Recognition of medical pluralism is critical since the use of T&CM is not likely to stop any soon because there are several reasons cancer patients in sub Saharan Africa use T&CMs, including to: cure/treat cancers, manage cancer symptoms, boost the immune system, and improve physical and psychological wellbeing [23, 26]. Other patients prefer to use T&CMs due to fear of surgery, dissatisfaction with conventional medical care, multiple side effects of conventional cancer medicines, recommendation by friends and family, trust in T&CM providers, or because T&CMs are readily available and cheaper than conventional medicines [38,39,40,41,42,43,44]. Patients may also prefer T&CMs because the practitioners often provide payment schedules that are favorable to the patients [45, 46]. Some cancer patients seek care and use T&CMs as part of the process of search for therapies that are in line with traditional values and norms, and their philosophy of life about health and illness [43, 47, 48]. In addition, unlike biomedical practitioners who are perceived by patients as laid back and unconcerned about patients’ lives beyond the disease they are managing, THPs also deal with the social realities of the patients and provide comfort to the patients and their families [49, 50]. There is evidence that THPs in Uganda influence help-seeking decisions for chronic diseases such as mental health, diabetes, and tuberculosis [51,52,53]. In addition, there is also evidence that seeking care with THPs and using T&CMs may be harmful for cancer patients. For example, consultations with THPs potentially delay health-seeking and lead to advanced stage cancer at diagnosis [43, 54]. It has also been reported that THPs sometimes engage in practices that could lead to delay in presentation and diagnoses, and raising unrealistic expectations of cure where none maybe possible [55,56,57]. Nevertheless, THPs have remained popular among their people: they often have great credibility and esteem in their communities. People listen to them and take seriously what they communicate [57]. They seem to understand the behaviours, values and language of their communities. They are accepted and have remained central in health services possibly because they provide care within the patients’ cultural context and belief system [58, 59]. In South Africa, THPs have been shown to have some basic knowledge of cancer; for example, they considered cancer diagnoses in patients with sores that do not heal easily, lumps, abnormal bleeding, and discharge. The THPs were also aware of some risk factors for cancers including smoking, use of alcohol and early sexual intercourse [60]. Therefore, THPs could be harnessed for health education about cancer prevention and practices, and to promote early detection and diagnoses of cancers. However, outside South Africa, little is known about THPs’ understanding of the development, causes, and treatments of cancers. There is also limited awareness of whether THPs refer or dissuade patients with possible cancer symptoms from seeking care at biomedical facilities. In this study we explored the perceptions and beliefs of THPs in northern Uganda about cancers, cancer causes, and preferred treatments for cancers. This knowledge could inform the national healthcare system’s choice regarding integration of traditional health practices with biomedicine or adoption of medical syncretism or pluralism, thereby recognizing and supporting the two systems to work side by side.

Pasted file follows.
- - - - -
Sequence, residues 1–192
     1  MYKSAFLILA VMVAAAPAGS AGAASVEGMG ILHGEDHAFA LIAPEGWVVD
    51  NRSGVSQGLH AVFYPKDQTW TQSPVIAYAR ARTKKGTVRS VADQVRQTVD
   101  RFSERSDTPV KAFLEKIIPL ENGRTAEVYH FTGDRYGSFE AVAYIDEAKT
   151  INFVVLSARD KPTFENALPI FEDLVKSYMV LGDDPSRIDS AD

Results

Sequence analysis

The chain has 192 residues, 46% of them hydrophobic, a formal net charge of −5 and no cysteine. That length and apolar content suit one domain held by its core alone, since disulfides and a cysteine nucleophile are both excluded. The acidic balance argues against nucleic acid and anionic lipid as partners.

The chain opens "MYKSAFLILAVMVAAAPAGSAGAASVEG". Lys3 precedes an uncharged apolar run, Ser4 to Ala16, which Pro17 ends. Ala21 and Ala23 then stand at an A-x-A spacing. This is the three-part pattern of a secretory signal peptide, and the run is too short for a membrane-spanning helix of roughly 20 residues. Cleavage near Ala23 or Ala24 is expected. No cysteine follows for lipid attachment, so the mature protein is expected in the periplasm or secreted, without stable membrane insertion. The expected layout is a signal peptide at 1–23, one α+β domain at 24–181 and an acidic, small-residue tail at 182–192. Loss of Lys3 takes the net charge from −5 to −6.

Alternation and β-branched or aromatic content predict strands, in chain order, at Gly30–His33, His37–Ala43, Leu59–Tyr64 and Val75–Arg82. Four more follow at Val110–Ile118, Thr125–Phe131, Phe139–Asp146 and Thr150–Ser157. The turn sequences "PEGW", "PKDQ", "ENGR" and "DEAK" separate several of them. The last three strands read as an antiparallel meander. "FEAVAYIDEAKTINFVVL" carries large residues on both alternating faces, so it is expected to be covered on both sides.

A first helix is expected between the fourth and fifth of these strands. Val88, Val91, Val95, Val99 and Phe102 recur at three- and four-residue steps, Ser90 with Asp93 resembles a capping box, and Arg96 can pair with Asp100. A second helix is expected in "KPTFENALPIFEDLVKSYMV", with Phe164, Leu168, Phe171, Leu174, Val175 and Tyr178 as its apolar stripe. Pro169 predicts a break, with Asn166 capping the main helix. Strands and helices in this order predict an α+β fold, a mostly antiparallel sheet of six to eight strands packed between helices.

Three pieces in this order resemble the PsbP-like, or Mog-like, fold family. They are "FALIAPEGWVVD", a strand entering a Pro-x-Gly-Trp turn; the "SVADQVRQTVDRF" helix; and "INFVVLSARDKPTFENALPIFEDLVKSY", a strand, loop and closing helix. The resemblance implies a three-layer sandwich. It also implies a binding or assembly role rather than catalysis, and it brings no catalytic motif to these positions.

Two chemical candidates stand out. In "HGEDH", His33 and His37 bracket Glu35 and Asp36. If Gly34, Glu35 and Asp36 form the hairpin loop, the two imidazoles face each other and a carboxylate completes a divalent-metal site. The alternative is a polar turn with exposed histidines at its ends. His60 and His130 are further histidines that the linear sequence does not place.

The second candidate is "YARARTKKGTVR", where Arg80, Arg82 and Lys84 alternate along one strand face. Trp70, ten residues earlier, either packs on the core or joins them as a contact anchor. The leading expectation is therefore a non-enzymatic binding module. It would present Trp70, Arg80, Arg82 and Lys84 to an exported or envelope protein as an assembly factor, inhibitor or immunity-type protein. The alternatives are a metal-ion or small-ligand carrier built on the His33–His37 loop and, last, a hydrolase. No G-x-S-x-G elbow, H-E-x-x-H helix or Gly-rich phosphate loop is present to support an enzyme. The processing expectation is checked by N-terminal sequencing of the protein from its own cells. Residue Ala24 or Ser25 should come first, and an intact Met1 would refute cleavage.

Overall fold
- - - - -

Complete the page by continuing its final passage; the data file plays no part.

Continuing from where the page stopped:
Methods

Study design and setting